14. Hexen: Beyond Heretic
Released: October 30, 1995
Developer: Raven Software
Hexen married a first-person shooter with a high fantasy setting, giving players three classes to choose from before unleashing them into a world full of monsters that were in need of a good trouncing. A sequel to 1994’s Heretic, players have to choose a fighter, cleric, or mage before setting out to track down the second of the Serpent Riders, the game’s ultimate boss who awaits in a trap-riddled throne room. It may not hold up graphically, but there are plenty of mods that will spruce it up for you, letting you dive into some monster-exterminating shenanigans without taking a toll on your eyeballs.
13. Grim Fandango
Released: October 30, 1998
Grim Fandango is a funny and heartwarming tale that follows the adventures of underworld travel agent Manny Calavera as he ushers the recently departed on their journey through the land of the dead. With a gripping plot and devilish puzzles, LucasArts upped the ante on an already stellar title by making it the first adventure game to be rendered in 3D, bringing the vibrant Aztec-inspired art deco graphics to life. Hailed as one of the last great adventure game of the 90s, its hard-boiled film noir narrative was resurrected in a Grim Fandango Remaster in 2014, and with an Android and iOS release a year later, there’s no reason to miss out on it.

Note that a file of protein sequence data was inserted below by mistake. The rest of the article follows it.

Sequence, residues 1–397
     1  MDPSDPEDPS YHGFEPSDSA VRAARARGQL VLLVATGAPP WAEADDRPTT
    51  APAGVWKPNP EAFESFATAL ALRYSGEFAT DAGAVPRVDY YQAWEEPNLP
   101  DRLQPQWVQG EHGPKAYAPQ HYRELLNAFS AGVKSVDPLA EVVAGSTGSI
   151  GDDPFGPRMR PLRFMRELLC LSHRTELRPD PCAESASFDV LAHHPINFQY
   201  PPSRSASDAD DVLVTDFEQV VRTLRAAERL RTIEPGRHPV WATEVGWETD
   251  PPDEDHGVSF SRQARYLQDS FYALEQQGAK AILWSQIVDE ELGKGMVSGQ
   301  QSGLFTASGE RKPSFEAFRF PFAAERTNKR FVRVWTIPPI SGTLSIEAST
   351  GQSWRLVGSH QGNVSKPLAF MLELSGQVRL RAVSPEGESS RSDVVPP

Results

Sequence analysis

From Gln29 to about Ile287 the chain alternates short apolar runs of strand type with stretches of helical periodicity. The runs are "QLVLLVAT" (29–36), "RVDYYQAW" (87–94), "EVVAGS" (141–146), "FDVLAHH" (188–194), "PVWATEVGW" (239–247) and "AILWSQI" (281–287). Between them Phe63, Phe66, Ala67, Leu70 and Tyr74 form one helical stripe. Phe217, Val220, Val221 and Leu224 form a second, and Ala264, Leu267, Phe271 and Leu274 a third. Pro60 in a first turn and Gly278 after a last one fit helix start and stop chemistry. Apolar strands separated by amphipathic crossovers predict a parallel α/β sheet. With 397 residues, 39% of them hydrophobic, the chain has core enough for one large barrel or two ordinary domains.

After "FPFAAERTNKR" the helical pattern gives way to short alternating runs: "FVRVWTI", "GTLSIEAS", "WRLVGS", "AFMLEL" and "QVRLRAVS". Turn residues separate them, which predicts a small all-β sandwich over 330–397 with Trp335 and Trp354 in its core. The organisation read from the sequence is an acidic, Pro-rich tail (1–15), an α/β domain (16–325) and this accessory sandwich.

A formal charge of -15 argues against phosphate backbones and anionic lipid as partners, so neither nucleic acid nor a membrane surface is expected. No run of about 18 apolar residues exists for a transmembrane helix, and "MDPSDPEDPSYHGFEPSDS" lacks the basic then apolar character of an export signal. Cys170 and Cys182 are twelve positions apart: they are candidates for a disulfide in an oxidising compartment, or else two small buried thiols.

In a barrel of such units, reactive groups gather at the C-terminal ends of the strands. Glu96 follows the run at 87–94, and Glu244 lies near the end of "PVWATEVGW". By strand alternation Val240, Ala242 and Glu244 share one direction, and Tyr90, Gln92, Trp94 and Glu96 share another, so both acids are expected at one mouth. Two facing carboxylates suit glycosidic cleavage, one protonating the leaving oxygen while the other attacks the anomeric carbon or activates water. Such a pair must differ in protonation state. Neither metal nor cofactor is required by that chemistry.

Released: June 22, 1996
Developer: id Software
Id Software hit it out of the park again just three years after the release of Doom, with Quake. It abandoned the Doom engine for the Quake engine, rendering 3D environments that knocked the socks off everyone old enough to persuade their parents to buy it for them. Medieval gothic was the setting this time around, and multiplayer was cranked up a notch, supporting a whopping eight players instead of a paltry four. Quake was also the first shooter to have maps specifically for multiplayer, and clans sprouted up in the community around it. The game is arguably just as important as Doom for shaping the current gaming vista. The title spawned a series, with the most recent entry being the upcoming Quake Champions, a fast-paced arena shooter that’s currently in Early Access on Steam.
Released: March 31, 1998
Developer: Blizzard Entertainment
Launched before Activision bought Blizzard’s parent company, Vivendi, StarCraft is a real-time strategy game set in the expanse of space that revolutionised the genre. Players choose one of three races and construct bases and manage resources until they get strong enough to steal everyone else’s. The title was the best-selling PC game in its year of launch, and has become a cultural phenomenon in South Korea. StarCraft 2: Wings of Liberty released in 2010, but the original got a spiffy remaster in 2017.